“In the NHL, it is not so much about development as it is maintenance. Most goalies are aware of the mental, physical and technical aspects of the game and have, for the most part, got them well under control. It is just a matter of reinforcing them. The schedule is alot busier, with games and travel, so you don’t have as much time to work with the goalies and in the AHL/OHL.”
Having played and coached in quite different eras (the position has changed perhaps more than any other in professional sports over the past 30 years); I asked Rook how things have changed for goaltenders since his playing days:
“When I was coming up through the ranks, I rarely had a goalie coach. I was self taught, trial by error.”
“Now; almost every goalie has a personal goalie coach or attends goalie schools. The game has changed so much from alot of aspects. More emphasis is put on handling different technical situations – video, for example, is being used to make sure goalies are handling these situations properly now.”
The Ontario native also touched on one area that has changed drastically, and is never far from the headlines in recent years:
“Equipment is better. I was always walking around with bruises when I played. Skates are now sharper, selection is better.”
One other change Rook notes is a change in attitudes – “Coaches are more aware how to handle goalies now. Practices are being designed to include or be aware of the goalie.”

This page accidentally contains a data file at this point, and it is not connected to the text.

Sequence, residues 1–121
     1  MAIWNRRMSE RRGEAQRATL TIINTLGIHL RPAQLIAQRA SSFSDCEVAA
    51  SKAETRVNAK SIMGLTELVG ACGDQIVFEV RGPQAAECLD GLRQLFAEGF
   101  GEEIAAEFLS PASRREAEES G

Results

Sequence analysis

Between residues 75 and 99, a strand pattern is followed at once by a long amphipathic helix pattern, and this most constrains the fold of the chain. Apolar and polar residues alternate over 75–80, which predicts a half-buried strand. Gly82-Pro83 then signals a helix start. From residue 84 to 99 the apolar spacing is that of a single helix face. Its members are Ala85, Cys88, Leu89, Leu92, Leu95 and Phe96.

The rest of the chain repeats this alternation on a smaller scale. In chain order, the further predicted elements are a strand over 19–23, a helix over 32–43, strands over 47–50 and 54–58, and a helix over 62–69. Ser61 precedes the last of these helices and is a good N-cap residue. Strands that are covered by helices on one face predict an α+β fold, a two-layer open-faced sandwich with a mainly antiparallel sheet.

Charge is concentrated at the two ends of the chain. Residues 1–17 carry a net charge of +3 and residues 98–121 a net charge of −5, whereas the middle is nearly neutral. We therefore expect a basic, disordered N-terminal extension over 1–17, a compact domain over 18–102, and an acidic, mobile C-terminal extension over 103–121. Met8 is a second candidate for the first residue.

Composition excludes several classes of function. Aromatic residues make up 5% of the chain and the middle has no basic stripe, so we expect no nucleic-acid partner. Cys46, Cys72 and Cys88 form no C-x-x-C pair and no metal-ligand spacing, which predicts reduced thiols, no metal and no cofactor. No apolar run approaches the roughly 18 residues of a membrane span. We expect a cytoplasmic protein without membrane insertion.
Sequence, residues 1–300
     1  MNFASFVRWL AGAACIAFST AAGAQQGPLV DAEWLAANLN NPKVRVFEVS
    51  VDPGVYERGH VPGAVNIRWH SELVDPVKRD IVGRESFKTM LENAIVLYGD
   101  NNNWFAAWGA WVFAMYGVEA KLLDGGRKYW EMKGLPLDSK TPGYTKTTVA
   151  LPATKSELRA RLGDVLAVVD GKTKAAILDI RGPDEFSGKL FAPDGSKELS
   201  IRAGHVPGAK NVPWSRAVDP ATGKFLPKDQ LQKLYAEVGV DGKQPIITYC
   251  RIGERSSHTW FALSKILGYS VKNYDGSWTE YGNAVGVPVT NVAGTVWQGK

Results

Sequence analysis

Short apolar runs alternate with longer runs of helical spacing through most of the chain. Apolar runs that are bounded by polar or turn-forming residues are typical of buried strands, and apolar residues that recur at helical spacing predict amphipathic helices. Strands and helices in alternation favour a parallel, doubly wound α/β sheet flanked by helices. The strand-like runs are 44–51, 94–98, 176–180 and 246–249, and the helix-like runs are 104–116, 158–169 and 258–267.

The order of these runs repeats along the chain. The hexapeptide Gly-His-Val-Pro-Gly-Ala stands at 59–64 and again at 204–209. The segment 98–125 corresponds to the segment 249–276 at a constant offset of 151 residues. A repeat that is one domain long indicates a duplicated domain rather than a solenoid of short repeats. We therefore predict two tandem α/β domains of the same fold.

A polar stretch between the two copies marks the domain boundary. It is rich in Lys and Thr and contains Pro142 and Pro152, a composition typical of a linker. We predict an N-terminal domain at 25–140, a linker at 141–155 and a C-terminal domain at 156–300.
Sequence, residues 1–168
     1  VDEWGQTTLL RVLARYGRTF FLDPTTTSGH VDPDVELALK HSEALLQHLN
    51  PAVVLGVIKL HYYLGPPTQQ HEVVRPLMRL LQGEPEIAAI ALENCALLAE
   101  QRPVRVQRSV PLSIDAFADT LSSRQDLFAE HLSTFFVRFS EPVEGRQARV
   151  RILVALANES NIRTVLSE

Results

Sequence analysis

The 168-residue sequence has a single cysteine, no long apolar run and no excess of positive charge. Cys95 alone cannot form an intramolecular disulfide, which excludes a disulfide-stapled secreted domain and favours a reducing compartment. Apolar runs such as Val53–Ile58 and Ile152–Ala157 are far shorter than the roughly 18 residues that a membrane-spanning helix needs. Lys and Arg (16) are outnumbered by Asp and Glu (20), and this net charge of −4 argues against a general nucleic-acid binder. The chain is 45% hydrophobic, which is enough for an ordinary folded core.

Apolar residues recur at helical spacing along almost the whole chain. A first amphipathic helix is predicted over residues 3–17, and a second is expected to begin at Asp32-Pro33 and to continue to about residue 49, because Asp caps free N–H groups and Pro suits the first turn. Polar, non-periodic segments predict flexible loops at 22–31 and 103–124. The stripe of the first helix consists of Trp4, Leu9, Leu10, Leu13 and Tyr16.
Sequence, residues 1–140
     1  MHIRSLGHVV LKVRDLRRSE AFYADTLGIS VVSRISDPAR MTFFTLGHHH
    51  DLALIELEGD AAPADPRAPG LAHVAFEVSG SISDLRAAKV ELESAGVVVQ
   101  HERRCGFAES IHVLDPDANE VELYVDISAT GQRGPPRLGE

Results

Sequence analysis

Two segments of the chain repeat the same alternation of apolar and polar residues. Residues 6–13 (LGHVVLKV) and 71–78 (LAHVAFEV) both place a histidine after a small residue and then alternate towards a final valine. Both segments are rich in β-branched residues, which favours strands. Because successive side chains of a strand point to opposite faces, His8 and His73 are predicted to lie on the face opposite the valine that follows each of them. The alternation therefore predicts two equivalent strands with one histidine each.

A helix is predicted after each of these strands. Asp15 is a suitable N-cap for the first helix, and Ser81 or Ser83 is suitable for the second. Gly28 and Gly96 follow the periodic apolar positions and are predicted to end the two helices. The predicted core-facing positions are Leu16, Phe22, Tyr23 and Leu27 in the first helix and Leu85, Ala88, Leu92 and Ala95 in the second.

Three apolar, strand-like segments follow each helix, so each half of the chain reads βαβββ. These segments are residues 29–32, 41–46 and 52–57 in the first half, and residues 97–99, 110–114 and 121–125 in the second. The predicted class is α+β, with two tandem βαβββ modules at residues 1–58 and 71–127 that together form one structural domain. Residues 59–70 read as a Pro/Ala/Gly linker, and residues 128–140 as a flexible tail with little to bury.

It’s a slow change in some quarters, one Team GB netminder Ben Bowns is hoping to help drive in the UK, but it’s a positive for all goaltenders that change is coming.
Rook parted company with the Blue Jackets in April 2011, and the next stage of his coaching career took him to Switzerland – where he found the approach to the game much different again:
“One thing I noticed in Switzerland, that I don’t notice even in Canada, is the emphasis on skill development as opposed to team systems.”
“They spend alot of their practice time on developing skills (passing, shooting, skating). In Canada we spend alot of time on defensive zone coverage, break-outs etc. However, without being able to skate or pass, these systems aren’t going to be very successful.”
The rise in the number of Swiss players at the top level, as well as the national teams progress at major tournaments, suggests this approach is paying off for Switzerland – it’s an approach I have long hoped Great Britain might look at and learn from.
Rook’s commitment to helping young goaltenders develop remains as strong as ever, and his Pure Hockey Goaltending clinics continue to go from strength to strength.
“I really enjoy working with the young goalies who come to PHG. Every year, our numbers increase.”
“One thing I pride the school on is that I am on the ice for every session. Over the years, we teach all aspects of the position and focus on read/react drills as well. I don’t want goalies to become robots, and encourage them to understand the game, read situations etc.”
“We also include different speakers to include psychologists, nutritionists, sport therapists. Visual training is very important to a goaltender, so we do alot of work in this aspect.”
“At the end of the day, hockey is a game and it should be fun. So we encourage the kids to work hard and we always have fun when we are on the ice.”
It’s an ethos he is hoping he might be able to bring to the UK again one day:
“I would love to come to the UK and help in some way; to assist in the development of the young goalies. I used to have a goalie school in Scotland during the summer shortly after retiring and would like to somehow help out again.”
One can only hope someone in the UK will take advantage of an opportunity to bring someone who has worked at the highest level to these shores; for the benefit of all.
Thanks to Dave for his time. You can follow him on Twitter: @rooker2929